Canterbury Castle

Canterbury Castle was once the fifth largest in England, despite now standing in ruins. It is one of the three original royal castles in Kent, alongside Dover and Rochester. Constructed between 1086 and 1120, the castle’s flint walls are very thick – about 13ft in places – and it would once have stood 80ft high! In the 13th century, the castle was used as the county gaol, while in Victorian times it was a storage depot for coal. The castle is currently closed to the public but can be viewed from the outside on nearby Castle Street.

Canterbury castle

Roman Mosaics

Canterbury Roman museum is home to the remains of an original Roman town house, one of the UK’s only in situ Roman pavement mosaics. Unearthed following the blitz during World War II, part of the house – a patterned corridor – is preserved in the museum. The corridor includes an ancient Roman underfloor heating system – or hypocaust – originally used to heat houses with hot air. The mosaics feature decorative geometric patterns, including rosettes and guilloches (interlaced bands).

Greyfriars Chapel and Franciscan Garden

Hidden just behind Canterbury’s main shopping street is an 800-year-old garden from the first Franciscan friary in England, built between 1267 and 1325. Dissolved in 1538 by King Henry VIII, the Greyfriars chapel still straddles the Stour river, the only remaining part of the friary. The 1.5 acre garden – which has been both a 19th century tea garden and a 20th century market garden – has been carefully restored to provide a secret sanctuary and hidden gem in the heart of the city.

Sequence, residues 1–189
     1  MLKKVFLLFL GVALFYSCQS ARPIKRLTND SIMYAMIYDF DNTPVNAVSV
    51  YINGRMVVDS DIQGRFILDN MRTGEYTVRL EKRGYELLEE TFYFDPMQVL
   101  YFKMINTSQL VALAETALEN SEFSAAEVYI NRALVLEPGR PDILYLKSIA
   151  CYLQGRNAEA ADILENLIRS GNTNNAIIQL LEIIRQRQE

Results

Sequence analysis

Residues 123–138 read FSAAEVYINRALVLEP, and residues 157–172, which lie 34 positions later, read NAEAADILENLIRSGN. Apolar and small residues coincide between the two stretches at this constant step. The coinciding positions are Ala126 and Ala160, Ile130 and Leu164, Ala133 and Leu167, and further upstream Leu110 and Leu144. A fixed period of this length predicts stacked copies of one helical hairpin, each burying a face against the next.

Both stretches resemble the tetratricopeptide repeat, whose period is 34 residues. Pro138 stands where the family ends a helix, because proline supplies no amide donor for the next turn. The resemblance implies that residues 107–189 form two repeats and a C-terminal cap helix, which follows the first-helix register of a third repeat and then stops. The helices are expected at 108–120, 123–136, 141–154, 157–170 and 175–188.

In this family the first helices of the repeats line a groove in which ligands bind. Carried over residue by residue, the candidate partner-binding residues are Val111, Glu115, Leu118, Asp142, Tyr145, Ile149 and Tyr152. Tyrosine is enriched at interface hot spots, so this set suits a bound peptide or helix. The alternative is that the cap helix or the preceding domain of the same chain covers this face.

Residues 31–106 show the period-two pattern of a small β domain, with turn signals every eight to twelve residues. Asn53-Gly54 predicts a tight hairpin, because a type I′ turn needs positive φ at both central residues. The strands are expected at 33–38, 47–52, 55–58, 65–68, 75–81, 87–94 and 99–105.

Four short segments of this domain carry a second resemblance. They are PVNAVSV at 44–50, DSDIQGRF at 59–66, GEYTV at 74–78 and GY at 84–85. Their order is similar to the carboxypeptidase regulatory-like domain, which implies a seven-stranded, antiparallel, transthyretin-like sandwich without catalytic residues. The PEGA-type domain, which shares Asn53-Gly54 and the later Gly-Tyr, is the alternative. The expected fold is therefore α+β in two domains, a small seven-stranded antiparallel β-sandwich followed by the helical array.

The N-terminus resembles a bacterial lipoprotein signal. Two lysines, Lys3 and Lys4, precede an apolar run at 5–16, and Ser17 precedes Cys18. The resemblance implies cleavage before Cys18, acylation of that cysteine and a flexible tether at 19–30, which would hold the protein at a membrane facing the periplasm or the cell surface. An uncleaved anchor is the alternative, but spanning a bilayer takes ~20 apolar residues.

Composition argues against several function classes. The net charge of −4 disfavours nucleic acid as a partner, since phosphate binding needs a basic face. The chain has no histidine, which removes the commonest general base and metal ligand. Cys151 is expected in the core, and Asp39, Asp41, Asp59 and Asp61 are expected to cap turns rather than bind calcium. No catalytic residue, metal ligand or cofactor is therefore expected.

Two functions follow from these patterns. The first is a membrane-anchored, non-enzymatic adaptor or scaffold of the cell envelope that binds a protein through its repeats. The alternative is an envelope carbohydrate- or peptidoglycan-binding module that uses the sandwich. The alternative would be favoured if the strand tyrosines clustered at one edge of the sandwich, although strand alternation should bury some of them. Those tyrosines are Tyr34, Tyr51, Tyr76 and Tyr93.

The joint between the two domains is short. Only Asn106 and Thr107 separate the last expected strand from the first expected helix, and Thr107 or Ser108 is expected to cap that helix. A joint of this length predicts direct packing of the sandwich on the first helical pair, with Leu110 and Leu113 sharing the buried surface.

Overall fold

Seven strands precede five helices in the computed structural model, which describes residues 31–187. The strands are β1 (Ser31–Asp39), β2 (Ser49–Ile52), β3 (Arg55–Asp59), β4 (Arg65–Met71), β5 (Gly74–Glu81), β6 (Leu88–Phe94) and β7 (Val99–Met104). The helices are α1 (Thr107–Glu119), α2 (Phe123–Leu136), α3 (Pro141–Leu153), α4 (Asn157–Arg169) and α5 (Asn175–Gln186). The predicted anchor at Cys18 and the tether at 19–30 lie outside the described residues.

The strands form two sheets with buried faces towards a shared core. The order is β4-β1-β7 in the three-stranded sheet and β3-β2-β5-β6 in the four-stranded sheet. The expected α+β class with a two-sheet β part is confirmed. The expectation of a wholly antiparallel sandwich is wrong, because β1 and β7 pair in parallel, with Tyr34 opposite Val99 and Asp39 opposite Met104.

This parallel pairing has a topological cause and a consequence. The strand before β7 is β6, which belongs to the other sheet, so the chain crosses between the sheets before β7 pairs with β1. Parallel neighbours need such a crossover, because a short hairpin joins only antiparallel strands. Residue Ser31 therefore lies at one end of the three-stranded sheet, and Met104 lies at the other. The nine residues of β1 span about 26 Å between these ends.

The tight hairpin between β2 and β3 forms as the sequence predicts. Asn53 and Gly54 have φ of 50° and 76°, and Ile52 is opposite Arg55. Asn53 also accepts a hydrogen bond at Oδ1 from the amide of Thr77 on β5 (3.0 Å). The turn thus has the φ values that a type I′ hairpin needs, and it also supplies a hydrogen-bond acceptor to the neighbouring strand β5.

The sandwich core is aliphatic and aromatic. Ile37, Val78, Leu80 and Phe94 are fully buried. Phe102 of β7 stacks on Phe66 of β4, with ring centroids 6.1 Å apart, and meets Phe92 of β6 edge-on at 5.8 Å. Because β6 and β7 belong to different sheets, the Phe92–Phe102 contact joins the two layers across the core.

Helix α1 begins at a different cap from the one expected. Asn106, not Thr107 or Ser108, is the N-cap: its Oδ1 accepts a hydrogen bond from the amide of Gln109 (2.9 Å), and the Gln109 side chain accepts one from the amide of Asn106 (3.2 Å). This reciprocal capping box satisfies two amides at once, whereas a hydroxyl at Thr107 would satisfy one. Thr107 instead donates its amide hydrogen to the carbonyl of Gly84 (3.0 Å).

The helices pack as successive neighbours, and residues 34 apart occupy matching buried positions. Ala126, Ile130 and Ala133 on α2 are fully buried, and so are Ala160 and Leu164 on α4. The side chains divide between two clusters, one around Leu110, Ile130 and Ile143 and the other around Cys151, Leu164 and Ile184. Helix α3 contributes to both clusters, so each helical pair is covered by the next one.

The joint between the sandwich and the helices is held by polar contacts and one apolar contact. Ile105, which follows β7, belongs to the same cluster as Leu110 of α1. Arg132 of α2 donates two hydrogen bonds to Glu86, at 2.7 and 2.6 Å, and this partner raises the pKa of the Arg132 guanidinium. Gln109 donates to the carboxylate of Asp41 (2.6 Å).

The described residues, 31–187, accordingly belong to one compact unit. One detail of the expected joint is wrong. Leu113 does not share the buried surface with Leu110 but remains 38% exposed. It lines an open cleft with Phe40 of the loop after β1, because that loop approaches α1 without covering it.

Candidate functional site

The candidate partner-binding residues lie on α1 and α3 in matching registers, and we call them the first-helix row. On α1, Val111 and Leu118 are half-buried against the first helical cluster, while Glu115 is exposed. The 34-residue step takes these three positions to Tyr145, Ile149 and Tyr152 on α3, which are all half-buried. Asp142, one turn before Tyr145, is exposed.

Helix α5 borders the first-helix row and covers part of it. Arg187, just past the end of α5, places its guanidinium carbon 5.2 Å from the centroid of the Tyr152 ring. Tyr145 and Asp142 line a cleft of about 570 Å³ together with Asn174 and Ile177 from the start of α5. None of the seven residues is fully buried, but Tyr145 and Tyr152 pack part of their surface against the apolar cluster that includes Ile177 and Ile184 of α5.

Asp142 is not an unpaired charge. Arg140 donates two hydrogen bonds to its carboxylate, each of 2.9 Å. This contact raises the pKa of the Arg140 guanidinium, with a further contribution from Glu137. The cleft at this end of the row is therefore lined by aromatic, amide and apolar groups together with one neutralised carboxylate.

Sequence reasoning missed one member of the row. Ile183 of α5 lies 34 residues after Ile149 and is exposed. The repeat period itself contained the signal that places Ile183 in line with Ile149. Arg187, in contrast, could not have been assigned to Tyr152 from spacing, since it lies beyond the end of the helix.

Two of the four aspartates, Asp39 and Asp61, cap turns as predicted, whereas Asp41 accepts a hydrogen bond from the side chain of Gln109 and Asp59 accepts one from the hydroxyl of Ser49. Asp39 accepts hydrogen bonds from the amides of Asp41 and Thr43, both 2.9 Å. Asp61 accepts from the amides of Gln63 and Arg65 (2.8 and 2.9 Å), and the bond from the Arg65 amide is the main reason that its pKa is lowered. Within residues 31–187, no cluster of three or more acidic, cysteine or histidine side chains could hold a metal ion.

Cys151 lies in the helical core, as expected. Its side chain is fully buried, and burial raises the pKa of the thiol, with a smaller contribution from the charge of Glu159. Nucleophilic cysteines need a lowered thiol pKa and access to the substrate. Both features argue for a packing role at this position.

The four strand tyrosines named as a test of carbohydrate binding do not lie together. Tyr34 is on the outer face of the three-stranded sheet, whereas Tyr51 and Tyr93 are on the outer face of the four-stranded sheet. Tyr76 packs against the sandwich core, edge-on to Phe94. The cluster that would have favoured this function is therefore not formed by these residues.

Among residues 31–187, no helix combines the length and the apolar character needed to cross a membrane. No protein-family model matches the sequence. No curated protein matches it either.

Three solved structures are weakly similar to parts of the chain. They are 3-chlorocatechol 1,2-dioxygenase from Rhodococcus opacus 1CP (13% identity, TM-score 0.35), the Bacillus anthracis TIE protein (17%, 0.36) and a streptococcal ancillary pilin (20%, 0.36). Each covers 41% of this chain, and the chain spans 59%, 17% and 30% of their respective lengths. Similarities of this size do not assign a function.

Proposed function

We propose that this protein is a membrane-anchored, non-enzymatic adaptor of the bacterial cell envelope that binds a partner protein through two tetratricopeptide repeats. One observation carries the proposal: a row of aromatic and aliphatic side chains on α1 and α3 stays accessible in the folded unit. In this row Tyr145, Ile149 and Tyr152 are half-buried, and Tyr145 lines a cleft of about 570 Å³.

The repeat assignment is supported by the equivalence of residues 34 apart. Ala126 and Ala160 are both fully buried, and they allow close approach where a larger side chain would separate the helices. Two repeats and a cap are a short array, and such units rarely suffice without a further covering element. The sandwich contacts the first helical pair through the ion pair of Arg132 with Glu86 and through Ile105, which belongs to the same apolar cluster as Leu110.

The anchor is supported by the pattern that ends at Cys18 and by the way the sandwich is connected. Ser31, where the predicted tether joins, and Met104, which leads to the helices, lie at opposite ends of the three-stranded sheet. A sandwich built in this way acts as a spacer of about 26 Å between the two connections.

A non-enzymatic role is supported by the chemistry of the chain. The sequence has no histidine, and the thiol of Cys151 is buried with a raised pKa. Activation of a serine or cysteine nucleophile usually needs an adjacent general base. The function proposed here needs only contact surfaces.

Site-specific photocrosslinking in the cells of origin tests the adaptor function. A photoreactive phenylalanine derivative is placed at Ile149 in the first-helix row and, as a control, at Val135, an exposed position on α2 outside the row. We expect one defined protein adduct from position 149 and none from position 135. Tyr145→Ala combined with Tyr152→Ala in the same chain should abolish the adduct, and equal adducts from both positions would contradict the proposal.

Eastbridge Hospital

Also known as The Hospital of Saint Thomas Becket the Martyr, the Eastbridge Hospital provided shelter for poor pilgrims travelling to the shrine of the Archbishop at the cathedral. The grade I listed building, founded around 1176, is still a functioning almshouse providing accommodation for elderly citizens and Ukrainian refugees. Visit the hospital to view its Gothic crypt, its chapel and its refectory housing 13th century wall paintings.

The Westgate

The West Gate is a 60ft medieval gatehouse, the last surviving gate of Canterbury’s city walls and the largest city gate in England. This iconic Canterbury landmark sits at the west end of the main shopping district and would originally have been approached by drawbridge. Built in 1379 of Kentish ragstone, the main road still passes between its towers. It served for many years as the town’s prison, but now houses a museum exhibiting armour and weapons from medieval times to World War II. You can also climb the tower for breathtaking views of the neighbouring Westgate Gardens and River Stour.

West Gate Towers

With so much history and heritage on offer, Canterbury’s a great city in which to spend your time at university. These are just some of the great places you can visit during your time here!